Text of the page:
Receiving bad news from a doctor about your future health can be incredibly hard to accept, particularly when it involves being told that you have an illness from which you will die.
For many years there has been debate within our community and Parliament surrounding whether a person ought to be given the right to end their life on their own terms when the progression of a disease will result in the suffering of pain and will leave them feeling unable to function and live as they would wish. In Australia and around the world, governments have recognised the need to permit the compassionate ending of one’s life under certain circumstances. Most recently in South Australia, our Parliament has recognised that need and passed legislation called the Voluntary Assisted Dying Act 2021 (SA) (“the Act“), providing a framework for assisted dying.
Voluntary Assisted Dying Act – eligibility
The implementation date of the Act will be confirmed by the government in collaboration with SA Health. From that date, South Australians who:
- Are over the age of 18 years; and
- Are Australian Citizens or permanent residents; and
- Who have lived in the State for a period of at least 12 months prior to the request; and
- Who have capacity for decision making; and
- Who have been diagnosed with a disease, illness or medical condition that meets all the below conditions:
- it is incurable;
- it is advanced and progressive;
- it will cause death within 6 months, or 12 months for a neurodegenerative disease;
- it is causing you suffering that cannot be relieved in a manner that you consider tolerable; and
- Who are acting freely and without coercion;
will be permitted to make a first request to access the Voluntary Assisted Dying Pathway.
People seeking to access the Voluntary Assisted Dying Pathway must do so personally and must have capacity. There are a number of safeguards in place, including review by suitably qualified and trained medical practitioners, and the requirement for declarations to be executed by the person and their medical practitioner, to prevent abuse of the process.
How does the Act affect my estate planning?
The Act only permits a person with decision making capacity who meets the above criteria to carry out the application and the dying process. As such, there is no ability to appoint a family member to make that decision if you have lost capacity, nor request that anyone other than a suitably qualified and trained medical practitioner be involved in that process. This means that anyone appointed by your Advance Care Directive or your Power of Attorney cannot assist you in any step of the Voluntary Assisted Dying Pathway.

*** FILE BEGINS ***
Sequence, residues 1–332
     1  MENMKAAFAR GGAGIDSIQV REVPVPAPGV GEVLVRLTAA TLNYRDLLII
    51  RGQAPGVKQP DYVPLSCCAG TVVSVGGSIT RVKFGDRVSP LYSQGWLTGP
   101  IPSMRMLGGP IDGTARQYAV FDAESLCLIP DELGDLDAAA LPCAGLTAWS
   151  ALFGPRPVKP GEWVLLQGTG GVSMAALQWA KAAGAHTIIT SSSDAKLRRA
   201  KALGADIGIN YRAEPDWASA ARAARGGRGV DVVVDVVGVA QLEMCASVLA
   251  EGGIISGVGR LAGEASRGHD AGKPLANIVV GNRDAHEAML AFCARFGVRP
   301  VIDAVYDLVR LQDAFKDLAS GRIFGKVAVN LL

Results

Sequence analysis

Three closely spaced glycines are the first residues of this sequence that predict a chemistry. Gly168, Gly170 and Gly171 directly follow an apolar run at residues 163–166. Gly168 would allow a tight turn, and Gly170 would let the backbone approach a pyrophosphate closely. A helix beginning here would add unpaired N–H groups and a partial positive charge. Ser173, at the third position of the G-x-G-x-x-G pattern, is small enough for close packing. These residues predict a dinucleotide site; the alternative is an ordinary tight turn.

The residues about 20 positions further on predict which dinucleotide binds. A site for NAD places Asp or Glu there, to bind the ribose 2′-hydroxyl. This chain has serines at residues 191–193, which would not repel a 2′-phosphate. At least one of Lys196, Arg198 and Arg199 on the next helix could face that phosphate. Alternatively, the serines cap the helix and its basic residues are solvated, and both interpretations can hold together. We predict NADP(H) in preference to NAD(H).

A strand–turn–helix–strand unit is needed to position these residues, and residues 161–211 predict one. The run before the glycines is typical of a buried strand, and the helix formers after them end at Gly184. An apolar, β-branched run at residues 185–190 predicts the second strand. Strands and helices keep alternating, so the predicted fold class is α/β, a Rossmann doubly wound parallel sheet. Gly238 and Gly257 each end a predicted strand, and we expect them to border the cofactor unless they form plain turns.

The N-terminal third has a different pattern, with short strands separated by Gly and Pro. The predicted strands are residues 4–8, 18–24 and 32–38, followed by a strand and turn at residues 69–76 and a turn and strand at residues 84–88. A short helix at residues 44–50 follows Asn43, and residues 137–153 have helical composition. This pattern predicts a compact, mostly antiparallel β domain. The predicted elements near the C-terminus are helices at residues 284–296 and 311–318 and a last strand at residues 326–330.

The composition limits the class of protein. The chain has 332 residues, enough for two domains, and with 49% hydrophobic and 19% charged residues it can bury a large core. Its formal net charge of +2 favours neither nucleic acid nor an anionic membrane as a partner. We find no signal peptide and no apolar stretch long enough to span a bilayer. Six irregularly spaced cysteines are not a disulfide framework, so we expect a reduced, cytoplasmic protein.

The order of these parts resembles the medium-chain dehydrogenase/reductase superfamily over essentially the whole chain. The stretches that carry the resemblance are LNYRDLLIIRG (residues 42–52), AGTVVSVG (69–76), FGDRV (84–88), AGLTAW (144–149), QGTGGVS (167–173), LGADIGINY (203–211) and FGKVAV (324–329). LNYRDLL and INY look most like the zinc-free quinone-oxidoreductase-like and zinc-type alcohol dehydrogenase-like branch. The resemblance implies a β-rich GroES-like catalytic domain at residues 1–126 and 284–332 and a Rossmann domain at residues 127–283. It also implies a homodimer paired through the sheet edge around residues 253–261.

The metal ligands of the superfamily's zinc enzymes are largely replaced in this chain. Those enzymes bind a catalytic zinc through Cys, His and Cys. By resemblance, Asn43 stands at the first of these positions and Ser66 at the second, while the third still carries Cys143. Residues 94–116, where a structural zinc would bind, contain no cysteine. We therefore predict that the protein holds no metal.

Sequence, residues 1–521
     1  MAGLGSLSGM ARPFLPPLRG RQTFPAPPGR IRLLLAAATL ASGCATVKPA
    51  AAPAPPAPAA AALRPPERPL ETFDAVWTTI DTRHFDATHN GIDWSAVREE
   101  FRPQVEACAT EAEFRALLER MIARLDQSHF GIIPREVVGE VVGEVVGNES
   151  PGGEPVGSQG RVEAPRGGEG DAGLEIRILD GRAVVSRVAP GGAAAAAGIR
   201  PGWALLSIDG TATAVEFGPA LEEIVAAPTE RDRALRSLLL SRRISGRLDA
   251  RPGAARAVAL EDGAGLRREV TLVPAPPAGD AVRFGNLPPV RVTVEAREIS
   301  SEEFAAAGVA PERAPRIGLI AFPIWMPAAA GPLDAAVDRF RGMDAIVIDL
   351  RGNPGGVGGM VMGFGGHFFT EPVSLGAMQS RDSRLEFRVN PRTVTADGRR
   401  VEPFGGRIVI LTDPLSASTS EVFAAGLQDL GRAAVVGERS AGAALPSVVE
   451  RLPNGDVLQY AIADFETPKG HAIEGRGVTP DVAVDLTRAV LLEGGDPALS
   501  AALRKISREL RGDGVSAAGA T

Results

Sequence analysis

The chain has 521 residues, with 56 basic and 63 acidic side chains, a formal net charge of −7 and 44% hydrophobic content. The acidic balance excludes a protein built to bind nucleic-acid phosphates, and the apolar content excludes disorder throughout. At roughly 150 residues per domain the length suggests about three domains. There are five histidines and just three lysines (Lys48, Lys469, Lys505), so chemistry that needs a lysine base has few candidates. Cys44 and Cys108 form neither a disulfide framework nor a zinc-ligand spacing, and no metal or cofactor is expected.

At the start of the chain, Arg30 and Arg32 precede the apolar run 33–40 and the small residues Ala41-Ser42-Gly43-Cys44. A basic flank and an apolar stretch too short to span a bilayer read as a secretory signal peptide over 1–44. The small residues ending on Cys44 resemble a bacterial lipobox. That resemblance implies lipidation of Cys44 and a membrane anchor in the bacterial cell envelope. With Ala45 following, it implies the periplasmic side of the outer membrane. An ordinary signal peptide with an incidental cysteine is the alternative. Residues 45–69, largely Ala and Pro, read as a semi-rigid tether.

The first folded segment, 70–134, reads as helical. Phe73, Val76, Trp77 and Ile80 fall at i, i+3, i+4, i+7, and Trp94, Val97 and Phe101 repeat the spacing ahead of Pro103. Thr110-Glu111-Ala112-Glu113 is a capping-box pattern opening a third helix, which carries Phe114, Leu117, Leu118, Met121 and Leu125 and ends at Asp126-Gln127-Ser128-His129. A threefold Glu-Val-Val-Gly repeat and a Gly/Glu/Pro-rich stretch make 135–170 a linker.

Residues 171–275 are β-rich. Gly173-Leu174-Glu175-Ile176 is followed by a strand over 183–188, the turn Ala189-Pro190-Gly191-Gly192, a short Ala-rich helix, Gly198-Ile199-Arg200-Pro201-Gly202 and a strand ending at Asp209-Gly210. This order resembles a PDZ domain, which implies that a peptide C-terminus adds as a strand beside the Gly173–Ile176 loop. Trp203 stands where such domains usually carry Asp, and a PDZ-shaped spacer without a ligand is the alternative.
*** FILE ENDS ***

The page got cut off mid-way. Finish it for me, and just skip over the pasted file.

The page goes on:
However, after receiving an adverse medical diagnosis, you should ensure that you:
- Review your Will, to ensure it is up to date and clearly expresses your wishes including with respect to your assets, guardianship of your children, and your funeral and burial arrangements. If you do not have a Will you should make a Will.
- Make an Advance Care Directive, which allows you to appoint persons to act on your behalf in relation to medical decisions if you lose capacity to make your own decisions. You can include any binding refusals of healthcare so that your end of life wishes are carried out even if you do not have capacity.
- Consider the need for an Enduring Power of Attorney, to appoint persons to act on your behalf in respect of legal and financial matters, should those tasks become difficult to manage while you are unwell or if you lose capacity.
- Consider whether you should access your superannuation benefits by way of a TPI claim or terminal diagnosis claim, to maximise the benefits and accessibility of your superannuation and minimise tax payable by family members after your death.
- Seek advice regarding restructuring of assets, to ensure that your family can access funds immediately following your death or continue your business so that they do not experience financial pressure while they grieve.
Let us help you
Please get in touch with us to support you and your family during this time. Our team can provide advice and understanding and help support you during the difficult time following a distressing medical diagnosis.